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In a recent series of question I have asked alot about UDP, boost::asio and c++ in general.

My latest question, which doesn't seem to have an answer here at Stackoverflow, is this:

In a client/server application, it is quite okay to require that the server open a port in any firewall, so that messages are allowed in. However, doing the same for clients is definately not a great user experience.

TCP-connections typically achieve this due to the fact that most routers support stateful packet inspection, allowing response packets through if the original request originated from the local host.

It is not quite clear to me how this would work with UDP, since UDP is stateless, and there is no such thing as "response packets" (to my knowledge). How should I account for this in my client application?

Thanks for any answers!

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Actually, I found that I should have searched serverfault instead! Seems that NAT automagically handles this. If this is wrong, please correct me! :) –  Max Feb 2 '11 at 19:48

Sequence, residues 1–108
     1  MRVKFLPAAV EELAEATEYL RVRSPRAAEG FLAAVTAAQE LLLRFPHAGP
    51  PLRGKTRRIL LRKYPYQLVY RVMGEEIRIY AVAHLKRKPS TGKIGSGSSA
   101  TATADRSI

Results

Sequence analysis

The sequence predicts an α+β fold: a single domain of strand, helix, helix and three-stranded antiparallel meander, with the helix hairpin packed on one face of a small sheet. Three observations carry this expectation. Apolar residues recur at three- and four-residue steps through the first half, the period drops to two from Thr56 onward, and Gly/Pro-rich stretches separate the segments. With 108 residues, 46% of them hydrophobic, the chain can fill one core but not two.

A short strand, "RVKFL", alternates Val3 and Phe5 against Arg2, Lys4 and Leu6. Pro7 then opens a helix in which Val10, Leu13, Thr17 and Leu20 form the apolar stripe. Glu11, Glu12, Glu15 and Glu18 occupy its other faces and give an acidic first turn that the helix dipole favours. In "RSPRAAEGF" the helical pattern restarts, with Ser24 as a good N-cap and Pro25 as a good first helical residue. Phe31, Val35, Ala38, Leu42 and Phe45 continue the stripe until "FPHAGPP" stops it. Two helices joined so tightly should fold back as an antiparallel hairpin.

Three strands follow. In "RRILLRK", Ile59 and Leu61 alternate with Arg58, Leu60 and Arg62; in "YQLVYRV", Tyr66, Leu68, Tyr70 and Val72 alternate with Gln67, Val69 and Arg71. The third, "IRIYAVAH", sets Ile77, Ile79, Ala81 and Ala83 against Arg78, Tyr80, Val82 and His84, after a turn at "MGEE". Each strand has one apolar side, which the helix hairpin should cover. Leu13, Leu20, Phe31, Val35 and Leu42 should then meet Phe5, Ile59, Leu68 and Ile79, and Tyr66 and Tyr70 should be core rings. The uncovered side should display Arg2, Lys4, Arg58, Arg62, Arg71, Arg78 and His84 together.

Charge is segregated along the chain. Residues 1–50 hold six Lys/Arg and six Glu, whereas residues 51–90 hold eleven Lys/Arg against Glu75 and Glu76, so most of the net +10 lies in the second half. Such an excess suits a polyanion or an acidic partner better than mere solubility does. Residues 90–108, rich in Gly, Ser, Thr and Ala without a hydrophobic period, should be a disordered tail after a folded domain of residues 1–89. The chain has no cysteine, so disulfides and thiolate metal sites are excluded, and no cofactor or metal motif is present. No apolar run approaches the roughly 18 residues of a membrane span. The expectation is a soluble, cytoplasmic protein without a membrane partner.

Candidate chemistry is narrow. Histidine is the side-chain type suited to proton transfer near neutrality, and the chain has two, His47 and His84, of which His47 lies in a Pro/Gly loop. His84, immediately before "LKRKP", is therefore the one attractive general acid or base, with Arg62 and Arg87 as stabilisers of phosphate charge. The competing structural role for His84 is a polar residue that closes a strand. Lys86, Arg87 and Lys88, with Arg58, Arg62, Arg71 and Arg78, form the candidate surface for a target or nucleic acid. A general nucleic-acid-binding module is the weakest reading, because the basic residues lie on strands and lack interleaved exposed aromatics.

1 Answer 1

up vote 2 down vote accepted

UDP itself is stateless, but the firewall typically is not. The convention on UDP is that if a request goes out from client:port_A to server:port_B, then the response will come back from server:port_B to client:port_A.

The firewall can take advantage of this. If it sees a UDP request go out from the client, it adds an entry to its state table that lets it recognise the response(s), to allow them in. Because UDP is stateless and has no indication of connection termination, the firewall will typically implement a timeout - if no traffic occurs between that UDP address pair for a certain amount of time, the association in the firewall's state table is removed.

So - to take advantage of this in your client application, simply ensure that your server sends responses back from the same port that it uses to receive the requests.

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